the Big Society. It’s the Mancunian spirit, people who have the guts to stand up and be counted, people who spot things that are going wrong in their street and want to do something about it, not wait for a government report or for the local council to discuss it or wait for the media to brand their neighbourhood, feral or squalid or uncontrollable. They are carrying on a great tradition of creativity; they are the glue that can hold communities together; whether they are running a boxing club in their spare time or showing people how to grow their own food on an allotment. They don’t need patronising and they don’t need to be told or invited to get involved. Some of the Big Society ideology is built around the work of neo-Marxist, Saul Alinski, a community organiser and writer, who whipped up local opinion and gave communities the anger and tools to stand up to authority and challenge decisions. We’ve already seen a good example of community activism here last year – the students marching and protesting about fees… perhaps if Mr Cameron wants us to believe in his vision of a new Britain – he shouldn’t have water cannoned them off the feckin’ street. Nick Massey DL Chief Executive, Forever Manchester
It’s a real pity the brand of “Big Society” has become so quickly tarnished. The policy of increasing community development and engagement is at the heart of what is a really good set of ideas and future policy practice. Opening up innovatory procurement opportunities and social enterprises, as long as it is based upon the principles of quality, sustainability and cost effectiveness are to be welcomed. Allowing people to take charge of their lives is at the centre of what “Big Society” is all about. Businesses and individuals have the opportunity to take control and make
informed decisions about how they do business – do they support profit, people, or both? The Recycling Lives (http:// www.recyclinglives.com) private and voluntary sector partnership is a working example of how choosing people and profit can contribute to our “Big Society”. Recycling Lives sees two independent, and culturally different entities creating opportunities for disadvantaged people and the general population: offering relevant and appropriate training, and real employment opportunities within one of our economies growth sectors – the green economy. Recycling Lives can only offer these opportunities by being allowed the opportunity to develop sustainable income streams through procurement and social enterprise projects. The label has unfairly become bigger than the outcomes that can be achieved.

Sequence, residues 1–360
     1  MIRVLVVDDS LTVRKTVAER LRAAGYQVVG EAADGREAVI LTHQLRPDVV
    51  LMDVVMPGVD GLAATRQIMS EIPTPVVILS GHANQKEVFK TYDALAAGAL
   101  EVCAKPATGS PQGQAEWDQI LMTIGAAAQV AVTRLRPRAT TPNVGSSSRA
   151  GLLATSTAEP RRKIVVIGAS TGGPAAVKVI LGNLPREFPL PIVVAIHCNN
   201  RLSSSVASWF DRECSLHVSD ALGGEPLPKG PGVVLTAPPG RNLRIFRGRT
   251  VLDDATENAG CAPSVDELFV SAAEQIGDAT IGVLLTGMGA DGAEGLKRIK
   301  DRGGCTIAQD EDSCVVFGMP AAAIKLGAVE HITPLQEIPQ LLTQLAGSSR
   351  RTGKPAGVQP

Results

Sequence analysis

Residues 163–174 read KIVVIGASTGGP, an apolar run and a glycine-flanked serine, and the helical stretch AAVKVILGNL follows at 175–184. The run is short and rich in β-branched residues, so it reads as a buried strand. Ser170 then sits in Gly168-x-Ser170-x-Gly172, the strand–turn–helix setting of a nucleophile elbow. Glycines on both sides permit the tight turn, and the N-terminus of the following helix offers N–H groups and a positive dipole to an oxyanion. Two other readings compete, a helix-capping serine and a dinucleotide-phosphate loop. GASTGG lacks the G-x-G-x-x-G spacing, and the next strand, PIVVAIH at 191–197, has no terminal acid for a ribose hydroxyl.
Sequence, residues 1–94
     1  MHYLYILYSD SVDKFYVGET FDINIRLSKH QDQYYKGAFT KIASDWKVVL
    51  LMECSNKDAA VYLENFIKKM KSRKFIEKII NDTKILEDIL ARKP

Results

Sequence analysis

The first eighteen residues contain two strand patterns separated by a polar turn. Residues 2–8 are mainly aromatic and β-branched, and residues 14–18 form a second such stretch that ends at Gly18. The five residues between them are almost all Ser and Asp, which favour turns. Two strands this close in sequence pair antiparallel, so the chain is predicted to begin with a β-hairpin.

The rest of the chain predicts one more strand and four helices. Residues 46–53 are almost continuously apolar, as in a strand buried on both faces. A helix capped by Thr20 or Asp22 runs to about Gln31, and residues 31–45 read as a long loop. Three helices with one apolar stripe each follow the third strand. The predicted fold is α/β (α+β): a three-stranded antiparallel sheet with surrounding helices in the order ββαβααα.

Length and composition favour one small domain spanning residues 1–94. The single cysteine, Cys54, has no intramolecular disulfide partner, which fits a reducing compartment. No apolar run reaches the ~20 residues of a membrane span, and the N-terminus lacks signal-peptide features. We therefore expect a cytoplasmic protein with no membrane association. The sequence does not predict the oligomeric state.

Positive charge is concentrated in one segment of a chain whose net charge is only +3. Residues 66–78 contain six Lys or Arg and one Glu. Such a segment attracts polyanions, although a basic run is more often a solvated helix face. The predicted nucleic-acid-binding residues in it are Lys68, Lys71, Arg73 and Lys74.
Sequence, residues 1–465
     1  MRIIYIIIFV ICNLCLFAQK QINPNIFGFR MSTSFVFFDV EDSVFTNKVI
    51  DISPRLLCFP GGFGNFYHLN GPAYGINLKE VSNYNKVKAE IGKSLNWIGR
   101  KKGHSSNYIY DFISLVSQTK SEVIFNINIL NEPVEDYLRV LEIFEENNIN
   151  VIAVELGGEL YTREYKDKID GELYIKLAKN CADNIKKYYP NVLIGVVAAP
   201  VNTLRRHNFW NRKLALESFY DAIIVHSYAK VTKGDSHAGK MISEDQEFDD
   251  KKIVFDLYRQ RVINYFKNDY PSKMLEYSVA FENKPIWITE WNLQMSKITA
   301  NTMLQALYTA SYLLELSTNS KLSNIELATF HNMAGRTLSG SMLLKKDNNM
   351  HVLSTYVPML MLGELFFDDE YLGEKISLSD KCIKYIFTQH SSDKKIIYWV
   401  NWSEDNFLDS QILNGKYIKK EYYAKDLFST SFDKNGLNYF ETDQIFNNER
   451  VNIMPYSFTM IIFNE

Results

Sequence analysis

Big Society aims to “take power away from politicians and give it to people”. If we contrast this against the definition of a democracy; a form of political organisation in which all people, through consensus, direct referendum, or elected representatives exercise equal control over the matters, which affect their interests;
we see that what the government are really saying is, “...we are thinking about actually giving Britain a democratic regime.” This cynicism is further confirmed by the official cabinet office rhetoric on the topic, which states, “Only when people and communities are given more power and take more responsibility can we achieve fairness and opportunity for all. Government on its own cannot fix every problem. We are all in this together.” The fact is the incumbent ‘style’ of government in the UK simply didn’t work,
There will be challenges, not just over public money and seed corn projects, but also ensuring good governance and maintaining quality in all that is delivered. It’s not about dumping expensive services in the arms of “community dogooders” – it’s about refreshing the way we deliver services and projects into our communities and using new and innovative approaches. So then, in a managed way let’s give it a go – ensuring of course that the community engagement and the opportunities are available to all, not just the well organised middle classes – that will be the largest challenge “Big Society” will face. Professor Steven Broomhead non-executive Chairman of Recycling Lives
and landed us with a pseudo-democratic, neo-liberal form of society, which proved extremely profitable for some, and hugely disempowering for most. “Big Society” in the UK context simply means outsourcing elements of government to the private sector, which the government can no longer afford to deliver. This is not democracy. If we truly want a “Big Society” the structural flaws in our democracy must be sorted first. Vikas Shah Founder, Thought Strategy
The Government has renewed its focus on the “Big Society” and emphasised its fundamental place in the future of the UK, following David Cameron’s recent defence of the concept and announcement that it is ‘here to stay’. In practice, however, there is no broad consensus on how the idea will work, or how it will complement existing or formalised structures and processes in public services. The withdrawal of high levels of public investment and the move toward greater local accountability is essentially about replacing one set of complex systems with another. Such a process is technically challenging and poses a risk to service